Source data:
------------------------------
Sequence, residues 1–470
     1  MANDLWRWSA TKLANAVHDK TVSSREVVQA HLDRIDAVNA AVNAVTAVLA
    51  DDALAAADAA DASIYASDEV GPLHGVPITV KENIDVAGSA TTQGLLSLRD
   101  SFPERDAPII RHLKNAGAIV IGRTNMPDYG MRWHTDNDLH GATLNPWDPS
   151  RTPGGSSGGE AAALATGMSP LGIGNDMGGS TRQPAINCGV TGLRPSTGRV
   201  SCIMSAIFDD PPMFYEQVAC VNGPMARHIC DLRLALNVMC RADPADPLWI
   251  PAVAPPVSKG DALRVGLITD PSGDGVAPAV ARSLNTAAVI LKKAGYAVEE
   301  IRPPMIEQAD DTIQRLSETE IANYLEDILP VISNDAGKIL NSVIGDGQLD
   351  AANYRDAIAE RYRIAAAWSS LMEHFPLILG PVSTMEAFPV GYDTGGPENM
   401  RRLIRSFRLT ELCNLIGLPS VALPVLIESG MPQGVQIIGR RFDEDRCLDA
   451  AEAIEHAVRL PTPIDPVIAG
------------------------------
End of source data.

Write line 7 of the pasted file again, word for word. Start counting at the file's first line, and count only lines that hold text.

   251  PAVAPPVSKG DALRVGLITD PSGDGVAPAV ARSLNTAAVI LKKAGYAVEE